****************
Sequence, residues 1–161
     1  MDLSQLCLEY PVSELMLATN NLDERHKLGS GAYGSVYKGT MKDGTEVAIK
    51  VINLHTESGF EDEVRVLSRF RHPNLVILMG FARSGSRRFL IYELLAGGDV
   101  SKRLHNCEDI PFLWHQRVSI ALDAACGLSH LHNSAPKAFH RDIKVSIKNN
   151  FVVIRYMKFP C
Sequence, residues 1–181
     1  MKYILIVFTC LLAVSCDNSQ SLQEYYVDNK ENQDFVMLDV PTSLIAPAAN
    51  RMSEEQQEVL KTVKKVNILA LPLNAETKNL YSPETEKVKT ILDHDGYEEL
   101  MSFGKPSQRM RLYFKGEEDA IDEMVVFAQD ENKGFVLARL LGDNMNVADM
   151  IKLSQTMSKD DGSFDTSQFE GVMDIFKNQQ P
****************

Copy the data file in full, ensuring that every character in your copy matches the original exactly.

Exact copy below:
Sequence, residues 1–161
     1  MDLSQLCLEY PVSELMLATN NLDERHKLGS GAYGSVYKGT MKDGTEVAIK
    51  VINLHTESGF EDEVRVLSRF RHPNLVILMG FARSGSRRFL IYELLAGGDV
   101  SKRLHNCEDI PFLWHQRVSI ALDAACGLSH LHNSAPKAFH RDIKVSIKNN
   151  FVVIRYMKFP C
Sequence, residues 1–181
     1  MKYILIVFTC LLAVSCDNSQ SLQEYYVDNK ENQDFVMLDV PTSLIAPAAN
    51  RMSEEQQEVL KTVKKVNILA LPLNAETKNL YSPETEKVKT ILDHDGYEEL
   101  MSFGKPSQRM RLYFKGEEDA IDEMVVFAQD ENKGFVLARL LGDNMNVADM
   151  IKLSQTMSKD DGSFDTSQFE GVMDIFKNQQ P